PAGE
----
Turning now to the drawings, FIG. 1 is an exploded perspective view of the preferred embodiment of the invention. As seen in this Fig., the disposable syringe includes a main body member generally designated with reference numeral 10 having a barrel portion 12 with oppositely disposed upwardly extending angled finger tabs 13, 14 integrally formed at the bottom end thereof, and a beveled nose portion 15. Extending longitudinally of barrel portion 12 is a guide slot 16 terminating at the upper end in a laterally extending slot portion 17. Guide slot 16 also has a pair of mutually facing, inwardly tapering wall portions 18 terminating in an enlarged, generally rectangular lock slot portion 20.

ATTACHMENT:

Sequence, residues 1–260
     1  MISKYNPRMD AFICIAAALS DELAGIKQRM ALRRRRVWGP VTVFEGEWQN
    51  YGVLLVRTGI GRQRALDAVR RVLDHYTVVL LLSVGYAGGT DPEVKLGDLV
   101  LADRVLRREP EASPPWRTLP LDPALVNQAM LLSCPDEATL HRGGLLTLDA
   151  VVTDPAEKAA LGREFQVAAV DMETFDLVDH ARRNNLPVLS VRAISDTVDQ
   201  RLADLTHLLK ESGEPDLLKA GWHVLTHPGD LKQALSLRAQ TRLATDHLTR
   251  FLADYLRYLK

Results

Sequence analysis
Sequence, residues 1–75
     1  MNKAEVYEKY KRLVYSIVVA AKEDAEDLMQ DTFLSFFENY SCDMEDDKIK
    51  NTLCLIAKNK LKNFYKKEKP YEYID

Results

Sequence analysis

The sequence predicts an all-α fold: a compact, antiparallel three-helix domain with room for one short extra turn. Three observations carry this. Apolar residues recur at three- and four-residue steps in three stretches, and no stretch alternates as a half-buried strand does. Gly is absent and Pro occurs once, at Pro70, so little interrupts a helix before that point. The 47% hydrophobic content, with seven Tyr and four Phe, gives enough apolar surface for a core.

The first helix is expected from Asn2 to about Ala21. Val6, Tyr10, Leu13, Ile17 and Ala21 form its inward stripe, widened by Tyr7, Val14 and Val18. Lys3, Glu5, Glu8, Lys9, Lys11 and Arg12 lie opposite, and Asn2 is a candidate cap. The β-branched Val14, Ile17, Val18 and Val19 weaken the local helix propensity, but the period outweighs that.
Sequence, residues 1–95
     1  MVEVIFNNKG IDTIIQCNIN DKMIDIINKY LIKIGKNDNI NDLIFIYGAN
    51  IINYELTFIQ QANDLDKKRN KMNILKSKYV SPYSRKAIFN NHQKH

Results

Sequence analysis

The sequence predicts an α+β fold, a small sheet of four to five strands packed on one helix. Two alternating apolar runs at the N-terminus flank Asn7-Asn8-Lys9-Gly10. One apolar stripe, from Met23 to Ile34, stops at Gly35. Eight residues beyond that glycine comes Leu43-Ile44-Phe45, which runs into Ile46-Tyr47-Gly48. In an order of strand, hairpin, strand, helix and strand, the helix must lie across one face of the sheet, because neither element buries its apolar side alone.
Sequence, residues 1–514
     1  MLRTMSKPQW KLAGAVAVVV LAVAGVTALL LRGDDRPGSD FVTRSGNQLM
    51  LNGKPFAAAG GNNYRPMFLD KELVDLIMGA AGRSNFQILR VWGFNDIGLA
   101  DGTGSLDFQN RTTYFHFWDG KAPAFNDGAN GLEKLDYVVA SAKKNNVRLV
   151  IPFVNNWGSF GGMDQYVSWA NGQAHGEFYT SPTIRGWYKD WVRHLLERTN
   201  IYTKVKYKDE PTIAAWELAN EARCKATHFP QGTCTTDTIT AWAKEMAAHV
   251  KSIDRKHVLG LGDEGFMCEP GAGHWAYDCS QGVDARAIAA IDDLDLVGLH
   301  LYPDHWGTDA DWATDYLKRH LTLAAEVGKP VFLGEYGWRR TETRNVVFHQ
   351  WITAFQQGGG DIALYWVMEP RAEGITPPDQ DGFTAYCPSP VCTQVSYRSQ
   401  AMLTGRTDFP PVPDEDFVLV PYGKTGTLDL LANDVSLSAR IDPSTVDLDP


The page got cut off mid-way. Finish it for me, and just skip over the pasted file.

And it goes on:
A one piece needle shuttle generally designated with reference numeral 25 has a generally cylindrical upper body section 26 and a downwardly depending wall member 27 terminating in a pair of flexible leg portions 28, 29. Leg portions 28, 29 each include one of a pair of outwardly extending guide tab 30, 31 which are laterally spaced by an amount which ensures a locking fit in lock slot 20 in the manner described more fully below.
As best seen in FIGS. 1 and 2, the upper body portion 26 of needle shuttle 25 has an internally threaded annular wall portion 37 designed to be threadably engaged with the needle carrier of a standard Wyeth medication cartridge assembly generally designated with reference numeral 50.